© 2014 Robert Osburn
Having spent 29 years engaged with international students who come to the USA for study, I’ve heard more than my share of cross-cultural and cross-national comparisons. Some are humorous, some sting. For example, as one Mainland Chinese student expressed it a few weeks ago, “I just can’t understand why Americans love sweets so much!” I confessed before the group of 20 or so international students that I love my sweets, especially that tall glass of chocolate milk (over)loaded with chocolate powder.
What surprises me is that none of the international students (in my memory, at least) have brought up the fact that so many American marriages end in divorce. That fact has much more to do with America’s prospects than whether we like our triple fudge brownies and have waistlines to prove it.
According to Dr. Mitch Pearlstein, author of the new book Broken Bonds: What Family Fragmentation Means for America’s Future (2014), our prospects aren’t all that sweet unless we do something about our miserable family fragmentation rates. By the term family fragmentation Pearlstein includes everything from divorce to co-habitation to out-of-wedlock childbirth to single parenting to other forms of family disorganization associated with dysfunction. Pearlstein interviewed 40 thought leaders from America’s Left and Right coasts, as well as in between, to ask for their take on America’s future in light of this reality.
Optimists are scattered amongst the 40, but the large majority of the interviewees are gloomy. For most of them, the American future will be an endless iteration on today: “a place where problems caused and exacerbated by family breakdown are managed, not fixed, and where have-nots have harder times becoming haves” (p. 82). Endlessly redundant studies have demonstrated clearly, as does Pearlstein in his first book on this subject, that children raised in fragmented families have poorer outcomes, on average, educationally, economically, and maritally. Minneapolis public schools, ground zero for a population that includes 80% of African-American children (for example) born out of wedlock, spends over $21,000/year to educate each child in its district and yet they have the worst academic outcomes of almost any district in Minnesota. Edina, an affluent suburb on Minneapolis’ southwest flank where fragmented families are much rarer, has some of the very best academic outcomes in Minnesota, and yet spends only $14,000 per child.
Why are families in Minneapolis so much more fragmented than those in Edina? This is where fundamental assumptions matter more than mere data and outcomes research. Those who believe that economics is the fundamental driver of human society will argue that families fragment because they are poor. And since we know that fights over money are the number one cause of divorce, there is some—only some—truth in this claim. But, as Pearlstein and others like him will remind us, this explanation fails, for one reason, because it does not account for the fact that even rich kids raised in rich families suffer educationally and economically later in life if their parents split.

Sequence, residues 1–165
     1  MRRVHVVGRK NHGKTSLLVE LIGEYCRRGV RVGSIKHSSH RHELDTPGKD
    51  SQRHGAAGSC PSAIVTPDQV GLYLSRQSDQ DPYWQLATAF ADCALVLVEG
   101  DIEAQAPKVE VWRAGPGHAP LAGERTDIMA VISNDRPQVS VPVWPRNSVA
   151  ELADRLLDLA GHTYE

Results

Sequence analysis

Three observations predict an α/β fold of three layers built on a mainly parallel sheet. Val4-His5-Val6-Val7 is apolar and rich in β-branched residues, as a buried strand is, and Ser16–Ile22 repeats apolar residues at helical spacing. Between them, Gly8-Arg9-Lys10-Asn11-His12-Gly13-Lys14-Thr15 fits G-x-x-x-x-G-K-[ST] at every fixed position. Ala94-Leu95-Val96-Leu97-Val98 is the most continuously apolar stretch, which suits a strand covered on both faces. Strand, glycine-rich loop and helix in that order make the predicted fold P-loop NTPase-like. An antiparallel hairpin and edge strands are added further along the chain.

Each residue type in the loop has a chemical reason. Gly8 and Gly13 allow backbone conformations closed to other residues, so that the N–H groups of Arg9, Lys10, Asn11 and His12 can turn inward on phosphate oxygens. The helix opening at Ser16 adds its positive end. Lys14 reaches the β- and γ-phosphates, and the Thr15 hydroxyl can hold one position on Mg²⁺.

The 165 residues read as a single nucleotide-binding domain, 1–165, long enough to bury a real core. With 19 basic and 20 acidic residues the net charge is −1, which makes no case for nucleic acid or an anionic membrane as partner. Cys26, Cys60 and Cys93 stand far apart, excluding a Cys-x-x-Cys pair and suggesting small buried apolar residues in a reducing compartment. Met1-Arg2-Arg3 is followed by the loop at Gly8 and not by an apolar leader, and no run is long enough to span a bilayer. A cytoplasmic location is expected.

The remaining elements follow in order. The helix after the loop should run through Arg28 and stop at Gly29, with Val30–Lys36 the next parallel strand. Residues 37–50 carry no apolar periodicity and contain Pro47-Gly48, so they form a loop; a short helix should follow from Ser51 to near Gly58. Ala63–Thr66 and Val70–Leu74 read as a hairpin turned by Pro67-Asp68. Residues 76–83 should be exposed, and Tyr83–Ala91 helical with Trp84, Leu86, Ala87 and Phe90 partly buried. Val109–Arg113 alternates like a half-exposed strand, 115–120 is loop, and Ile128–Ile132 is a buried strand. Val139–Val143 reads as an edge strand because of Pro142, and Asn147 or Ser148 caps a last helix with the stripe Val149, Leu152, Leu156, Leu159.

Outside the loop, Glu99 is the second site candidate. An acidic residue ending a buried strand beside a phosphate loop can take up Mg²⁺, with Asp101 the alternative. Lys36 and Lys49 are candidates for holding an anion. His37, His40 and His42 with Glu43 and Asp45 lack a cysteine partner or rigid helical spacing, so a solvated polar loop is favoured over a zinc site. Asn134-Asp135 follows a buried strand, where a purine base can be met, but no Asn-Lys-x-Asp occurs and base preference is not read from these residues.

Those who believe that power is the fundamental driver of human society will argue that American society is fundamentally premised on perpetuating inequality and ensuring the privilege of those already in power. They cast their hopes on an ongoing social revolution, but almost 50 years after the cultural revolution of the 1960s, they have few successes. Their problem, in my opinion, is that their revolution was tied to a sexual revolution that legitimated forces that, in turn, fragmented and destroyed families. These scholars will have to repudiate the sexual revolution if they have any hope of turning around the power dynamics that they believe fuel educational and economic failure. (See Myron Magnet’s powerful book The Dream and the Nightmare: The Sixties Legacy to the Underclass for a thorough explication of the tragedy of the sexual revolution.)
Pearlstein offers a third explanation: culture. He has long been consistent in arguing, correctly I believe, that the assumptions, ideas, symbols, practices, and worldviews that shape societies are more powerful than politics or economics when it comes to creating social outcomes. Thus, he says, communities with unhealthy cultures of fighting, crime, sexual laxity, drug use, resistance to education, and other attributes associated with the biblical definition of foolishness (see the Book of Proverbs) create the conditions that fragment families. In turn, the victimized children of these fragmented families suffer horribly.
In case it isn’t clear: I believe Pearlstein is utterly right on target. He doesn’t discount the economic and political explanations, but he gets at the real problem. He should be read, he should be taken seriously, and we should look forward to his third volume where he (by self-admission, an incurable optimist) will attempt to articulate the difference that religion can make for America’s terrible family fragmentation problem. Meanwhile, many of us will continue fighting for marriages (that is, working hard to keep married couples from divorcing) while also seeking to exemplify the beauty of married life shaped and structured at the foot of the Cross of Jesus Christ. There, Jesus submitted Himself to death at the hands of His enemies so that He could love us and “give His life as a ransom for many” (Mark 10:45). Not surprisingly, the themes of submission and self-sacrificing love are at the heart of the Apostle Paul’s admonitions concerning marriage (Ephesians 5:21 -32).
Our collective sweet tooth is not our real problem as Americans; it’s the tragic state of too many of our families (or quasi-families). Pearlstein has his finger on this as well as anyone I’ve read.
Read him, do some weeping, and then prepare to repent.